But it seems to me that even without the browser-as-platform, Windows is already dying a death by a thousand cuts. Yes, Microsoft still makes billions by selling pre-installed Windows via computer manufacturers. But ever-so-gradually, the Internet is upending its business model just as surely as it has upended models for the music, television and newspaper businesses. It is also true, as Mr. Gapper notes, that Bill Gates saw this coming many years ago — and sounded the alarm in a famous memo to Microsoft’s executives. But in the subsequent decade-plus, the company has been unable to keep it from happening.

Think about it: do you really care anymore which operating system you use? I don’t. ...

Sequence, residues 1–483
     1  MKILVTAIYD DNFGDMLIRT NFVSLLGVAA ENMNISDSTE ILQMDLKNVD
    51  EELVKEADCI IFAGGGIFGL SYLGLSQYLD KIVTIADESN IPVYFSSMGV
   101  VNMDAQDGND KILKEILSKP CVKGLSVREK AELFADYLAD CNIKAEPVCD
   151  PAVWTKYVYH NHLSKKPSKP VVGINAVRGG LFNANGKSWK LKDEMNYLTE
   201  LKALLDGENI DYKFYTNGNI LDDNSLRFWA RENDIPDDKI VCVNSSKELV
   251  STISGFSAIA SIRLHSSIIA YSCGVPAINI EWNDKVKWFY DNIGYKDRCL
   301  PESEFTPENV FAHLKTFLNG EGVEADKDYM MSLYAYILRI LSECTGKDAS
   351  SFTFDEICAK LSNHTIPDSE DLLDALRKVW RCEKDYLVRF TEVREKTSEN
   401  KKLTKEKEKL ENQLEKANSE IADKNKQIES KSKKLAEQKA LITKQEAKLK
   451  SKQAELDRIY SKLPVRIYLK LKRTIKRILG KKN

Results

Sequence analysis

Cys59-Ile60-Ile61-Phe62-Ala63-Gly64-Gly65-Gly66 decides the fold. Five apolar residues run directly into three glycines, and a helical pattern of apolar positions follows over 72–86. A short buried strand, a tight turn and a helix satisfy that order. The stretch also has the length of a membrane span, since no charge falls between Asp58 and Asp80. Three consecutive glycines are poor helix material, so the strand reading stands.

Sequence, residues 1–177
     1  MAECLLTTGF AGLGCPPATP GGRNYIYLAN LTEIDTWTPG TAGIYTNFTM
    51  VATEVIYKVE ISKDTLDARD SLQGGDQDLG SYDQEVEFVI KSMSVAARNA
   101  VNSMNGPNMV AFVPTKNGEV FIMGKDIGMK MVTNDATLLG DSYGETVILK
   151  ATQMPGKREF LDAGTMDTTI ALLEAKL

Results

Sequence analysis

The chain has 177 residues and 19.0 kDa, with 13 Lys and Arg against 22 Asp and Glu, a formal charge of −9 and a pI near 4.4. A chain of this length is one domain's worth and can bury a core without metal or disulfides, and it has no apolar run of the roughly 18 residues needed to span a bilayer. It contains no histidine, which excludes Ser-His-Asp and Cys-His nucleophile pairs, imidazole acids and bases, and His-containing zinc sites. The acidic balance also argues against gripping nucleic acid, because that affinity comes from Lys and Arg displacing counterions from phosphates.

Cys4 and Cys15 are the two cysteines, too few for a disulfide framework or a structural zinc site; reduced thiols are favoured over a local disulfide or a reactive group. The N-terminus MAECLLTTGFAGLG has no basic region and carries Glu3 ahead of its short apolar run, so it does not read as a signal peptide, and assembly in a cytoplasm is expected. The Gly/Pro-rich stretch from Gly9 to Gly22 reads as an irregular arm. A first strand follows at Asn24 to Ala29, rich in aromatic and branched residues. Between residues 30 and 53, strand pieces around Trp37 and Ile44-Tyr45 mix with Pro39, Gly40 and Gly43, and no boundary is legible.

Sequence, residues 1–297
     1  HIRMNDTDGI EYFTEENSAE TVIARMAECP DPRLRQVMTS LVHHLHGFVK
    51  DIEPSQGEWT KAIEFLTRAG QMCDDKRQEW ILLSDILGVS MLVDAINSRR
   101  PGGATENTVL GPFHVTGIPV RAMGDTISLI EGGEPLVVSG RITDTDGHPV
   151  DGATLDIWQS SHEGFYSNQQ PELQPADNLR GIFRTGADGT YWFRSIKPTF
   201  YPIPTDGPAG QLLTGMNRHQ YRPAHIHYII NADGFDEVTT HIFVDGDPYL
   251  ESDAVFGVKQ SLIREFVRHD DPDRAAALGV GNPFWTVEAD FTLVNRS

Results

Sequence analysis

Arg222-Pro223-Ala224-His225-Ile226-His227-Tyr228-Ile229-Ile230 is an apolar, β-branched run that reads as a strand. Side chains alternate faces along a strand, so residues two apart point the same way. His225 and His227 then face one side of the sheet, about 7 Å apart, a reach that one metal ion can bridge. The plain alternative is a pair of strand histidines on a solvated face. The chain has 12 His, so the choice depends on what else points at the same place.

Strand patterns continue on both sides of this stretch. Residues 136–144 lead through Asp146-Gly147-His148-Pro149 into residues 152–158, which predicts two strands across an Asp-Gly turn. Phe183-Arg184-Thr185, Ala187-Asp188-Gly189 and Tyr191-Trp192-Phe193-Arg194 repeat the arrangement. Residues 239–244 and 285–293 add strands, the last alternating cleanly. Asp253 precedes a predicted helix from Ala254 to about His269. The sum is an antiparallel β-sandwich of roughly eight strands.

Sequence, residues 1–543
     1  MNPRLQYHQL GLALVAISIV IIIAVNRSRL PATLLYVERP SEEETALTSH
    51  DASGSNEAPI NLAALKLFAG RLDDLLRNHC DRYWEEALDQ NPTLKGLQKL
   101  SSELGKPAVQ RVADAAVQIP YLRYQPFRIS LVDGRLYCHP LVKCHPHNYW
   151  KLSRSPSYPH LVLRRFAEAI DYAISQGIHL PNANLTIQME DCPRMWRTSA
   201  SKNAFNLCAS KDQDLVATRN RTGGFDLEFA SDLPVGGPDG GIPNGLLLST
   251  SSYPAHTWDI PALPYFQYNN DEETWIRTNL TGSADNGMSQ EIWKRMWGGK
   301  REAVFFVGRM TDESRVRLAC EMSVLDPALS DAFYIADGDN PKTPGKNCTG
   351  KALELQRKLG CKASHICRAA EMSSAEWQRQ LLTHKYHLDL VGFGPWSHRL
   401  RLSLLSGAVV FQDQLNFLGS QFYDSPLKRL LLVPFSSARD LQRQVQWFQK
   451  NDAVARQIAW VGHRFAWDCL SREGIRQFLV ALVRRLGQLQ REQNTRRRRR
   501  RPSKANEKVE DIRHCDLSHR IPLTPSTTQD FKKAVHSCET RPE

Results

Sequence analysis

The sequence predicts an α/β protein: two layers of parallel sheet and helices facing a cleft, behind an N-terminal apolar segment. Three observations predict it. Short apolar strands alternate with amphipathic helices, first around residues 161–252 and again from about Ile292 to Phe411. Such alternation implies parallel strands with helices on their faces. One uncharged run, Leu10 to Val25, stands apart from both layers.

New York Times Agrees: Microsoft Windows Toast

The market trend that, slowly but surely, is eroding one of the greatest business monopolies of all time--Microsoft's Windows--is now visible enough that general business columnists in the mainstream media are writing about it. Consider the latest from Joe Nocera of the New York Times:

Google's Chrome Already Owns 1% Of Browser Market And 6% of SAI Readers

No Mac version yet and a public panning from WSJ oracle Walt Mossberg, but Google's (GOOG) Chrome already owns 1% of the Web browser market. Actually, 1.13% of the market as of 1 p.m EDT, according to Net Applications, which is tracking Chrome usage by the hour...

Palin ROCKED!